Tawaifnama is a history of Dharmman Bibi and the women across generations in her family living and working in western Bihar and eastern U.P and Banaras. Ranging from itinerant entertainers to elite courtesans, the lives of these self-made women throw light to the contribution made by tawaifs to the making of modern India – as practitioners of music and dance, in particular of thumri, dadra and ghazal singing, and kathak dance - and from the late 19th – early 20th century onwards as first generation female performers of newly emerging technologies of mass entertainment such as the theatre, gramophone recordings, cinema and the radio. Many tawaifs were highly educated in the letters and part of the literati in their cities and towns. Several wrote poetry while some others were active participants in literary and philosophical societies. Besides their involvement in the arts and letters, tawaifs played an active part in anti-colonial movements, be it the revolt of 1857 or in participating in the later nationalist struggles such as the Non - Cooperation and the Quit India movements, this despite the shrill condemnation they faced from nationalist leaders including Gandhi. The stories in Tawaifnama spanning a period from early 19th century to the present are a testimony of the everyday struggles waged by tawaifs to survive and to practice their arts in an increasingly hostile environment.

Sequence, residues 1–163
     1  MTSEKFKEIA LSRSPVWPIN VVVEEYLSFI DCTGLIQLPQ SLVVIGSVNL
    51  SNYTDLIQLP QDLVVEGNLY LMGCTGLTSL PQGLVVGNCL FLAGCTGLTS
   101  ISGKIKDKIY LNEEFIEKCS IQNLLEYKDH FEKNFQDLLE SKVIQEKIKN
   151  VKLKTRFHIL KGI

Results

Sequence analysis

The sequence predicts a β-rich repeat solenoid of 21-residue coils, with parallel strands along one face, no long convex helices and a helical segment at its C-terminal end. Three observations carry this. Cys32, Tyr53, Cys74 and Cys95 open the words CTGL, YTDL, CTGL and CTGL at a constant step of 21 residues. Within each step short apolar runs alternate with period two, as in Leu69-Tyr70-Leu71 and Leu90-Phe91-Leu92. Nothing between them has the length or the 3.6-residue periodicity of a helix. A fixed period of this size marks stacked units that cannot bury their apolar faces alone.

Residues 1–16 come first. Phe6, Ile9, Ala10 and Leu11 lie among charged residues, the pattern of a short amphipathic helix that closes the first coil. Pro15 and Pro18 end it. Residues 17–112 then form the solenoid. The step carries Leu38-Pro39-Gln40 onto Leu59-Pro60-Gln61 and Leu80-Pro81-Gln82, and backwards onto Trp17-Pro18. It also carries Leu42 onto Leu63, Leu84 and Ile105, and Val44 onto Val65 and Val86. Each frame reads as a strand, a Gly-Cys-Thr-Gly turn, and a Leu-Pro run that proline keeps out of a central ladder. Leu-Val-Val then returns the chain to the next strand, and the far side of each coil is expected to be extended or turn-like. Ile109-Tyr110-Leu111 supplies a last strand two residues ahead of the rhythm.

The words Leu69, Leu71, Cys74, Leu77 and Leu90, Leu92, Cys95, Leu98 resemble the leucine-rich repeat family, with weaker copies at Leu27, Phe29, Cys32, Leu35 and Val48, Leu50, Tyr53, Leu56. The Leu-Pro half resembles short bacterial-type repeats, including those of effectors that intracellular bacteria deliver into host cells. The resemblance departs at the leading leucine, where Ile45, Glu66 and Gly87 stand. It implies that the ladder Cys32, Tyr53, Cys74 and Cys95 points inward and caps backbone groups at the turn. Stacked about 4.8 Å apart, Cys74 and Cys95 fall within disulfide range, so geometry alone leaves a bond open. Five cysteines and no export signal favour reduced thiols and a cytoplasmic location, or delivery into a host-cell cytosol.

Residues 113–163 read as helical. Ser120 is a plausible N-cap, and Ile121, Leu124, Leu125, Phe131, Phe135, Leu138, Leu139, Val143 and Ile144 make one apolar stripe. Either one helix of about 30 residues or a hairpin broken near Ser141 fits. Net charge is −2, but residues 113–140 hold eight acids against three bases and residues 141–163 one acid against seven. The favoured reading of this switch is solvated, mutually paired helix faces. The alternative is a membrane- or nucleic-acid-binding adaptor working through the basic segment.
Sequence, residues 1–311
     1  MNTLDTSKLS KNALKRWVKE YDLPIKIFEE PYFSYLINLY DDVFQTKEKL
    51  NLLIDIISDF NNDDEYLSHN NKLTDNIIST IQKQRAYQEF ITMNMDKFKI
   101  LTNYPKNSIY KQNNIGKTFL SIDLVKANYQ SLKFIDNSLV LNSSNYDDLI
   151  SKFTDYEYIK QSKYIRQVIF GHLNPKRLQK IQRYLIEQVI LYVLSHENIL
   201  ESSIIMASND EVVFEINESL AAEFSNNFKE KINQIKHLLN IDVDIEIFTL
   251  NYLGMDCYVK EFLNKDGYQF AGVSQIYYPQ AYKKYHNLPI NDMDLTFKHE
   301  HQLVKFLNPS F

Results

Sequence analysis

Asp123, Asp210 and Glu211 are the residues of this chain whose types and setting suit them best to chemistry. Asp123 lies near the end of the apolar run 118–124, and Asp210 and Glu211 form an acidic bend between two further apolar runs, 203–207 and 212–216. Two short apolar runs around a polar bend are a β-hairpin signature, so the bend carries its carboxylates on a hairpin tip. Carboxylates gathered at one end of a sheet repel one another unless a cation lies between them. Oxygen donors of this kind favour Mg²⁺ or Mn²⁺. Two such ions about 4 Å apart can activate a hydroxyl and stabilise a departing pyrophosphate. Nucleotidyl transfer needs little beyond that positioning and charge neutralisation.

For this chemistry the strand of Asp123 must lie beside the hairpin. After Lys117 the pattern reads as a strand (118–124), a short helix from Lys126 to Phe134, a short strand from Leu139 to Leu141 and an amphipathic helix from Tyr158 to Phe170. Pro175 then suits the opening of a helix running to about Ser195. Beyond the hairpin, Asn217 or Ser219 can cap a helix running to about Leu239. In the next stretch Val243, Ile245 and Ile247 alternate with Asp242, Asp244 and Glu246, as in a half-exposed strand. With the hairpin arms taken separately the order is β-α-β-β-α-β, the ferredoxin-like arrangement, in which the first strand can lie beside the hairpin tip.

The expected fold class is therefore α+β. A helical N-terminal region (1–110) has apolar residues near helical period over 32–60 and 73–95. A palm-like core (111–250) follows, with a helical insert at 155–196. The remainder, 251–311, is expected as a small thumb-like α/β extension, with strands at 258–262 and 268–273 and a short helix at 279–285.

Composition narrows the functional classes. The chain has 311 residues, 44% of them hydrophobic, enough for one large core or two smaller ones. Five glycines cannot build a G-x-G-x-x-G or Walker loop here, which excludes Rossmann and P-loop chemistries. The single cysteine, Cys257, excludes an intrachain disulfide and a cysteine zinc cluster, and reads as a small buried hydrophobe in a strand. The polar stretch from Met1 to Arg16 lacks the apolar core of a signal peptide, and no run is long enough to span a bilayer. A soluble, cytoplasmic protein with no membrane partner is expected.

Excerpt from Tawaifnama
You now narrate what you confess is amongst your favourite stories about Dharmman Bibi: ‘Kunwar Singh had once organised at his fort in Jagdishpur a mehfil, as he was wont to do, in honour of a visiting gora sahib, a white official.’